Domain specific languages (DSLs) are most commonly used to represent financial instruments. The canonical paper is Simon Peyton Jones' Composing Contracts: an Adventure in Financial Engineering which represents contracts using a combinator library in Haskell. The most prominent use of the combinator approach is LexiFi's MLFi language, which is built on top of OCaml (their CEO, Jean-Marc Eber, is a co-author on the Composing Contracts paper). Barclay's at one point copied the approach and described some additional benefits, such as the ability to generate human-readable mathematical pricing formulas (Commercial Uses: Going Functional on Exotic Trades).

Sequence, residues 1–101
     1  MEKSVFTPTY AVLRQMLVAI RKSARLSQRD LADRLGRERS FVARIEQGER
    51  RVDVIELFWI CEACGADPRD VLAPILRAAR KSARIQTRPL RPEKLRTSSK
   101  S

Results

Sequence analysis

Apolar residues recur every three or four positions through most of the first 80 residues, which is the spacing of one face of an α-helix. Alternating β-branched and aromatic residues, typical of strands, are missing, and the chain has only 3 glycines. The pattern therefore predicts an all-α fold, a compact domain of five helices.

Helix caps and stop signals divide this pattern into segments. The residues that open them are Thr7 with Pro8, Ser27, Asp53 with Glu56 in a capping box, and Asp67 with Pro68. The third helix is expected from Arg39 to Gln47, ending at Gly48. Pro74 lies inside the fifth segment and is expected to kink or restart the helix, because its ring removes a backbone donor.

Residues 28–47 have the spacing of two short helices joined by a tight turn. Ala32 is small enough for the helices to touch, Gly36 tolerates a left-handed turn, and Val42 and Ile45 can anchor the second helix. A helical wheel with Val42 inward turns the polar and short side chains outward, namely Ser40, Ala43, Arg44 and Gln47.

DSLs for financial contracts are typically built using an embedding in a functional language such as Haskell, Scala, or OCaml. The uptake of functional programming languages in the financial industry will continue to make this approach attractive.
In addition to representing financial instruments, DSLs are also used in finance for:
I maintain a complete list of financial DSLs papers, talks, and other resources at http://www.dslfin.org/resources.html.
If you'd like to meet professionals and researchers working with DSLs for financial systems, there's an upcoming workshop on October 1st at the MODELS 2013 conference in Miami, Florida: http://www.dslfin.org/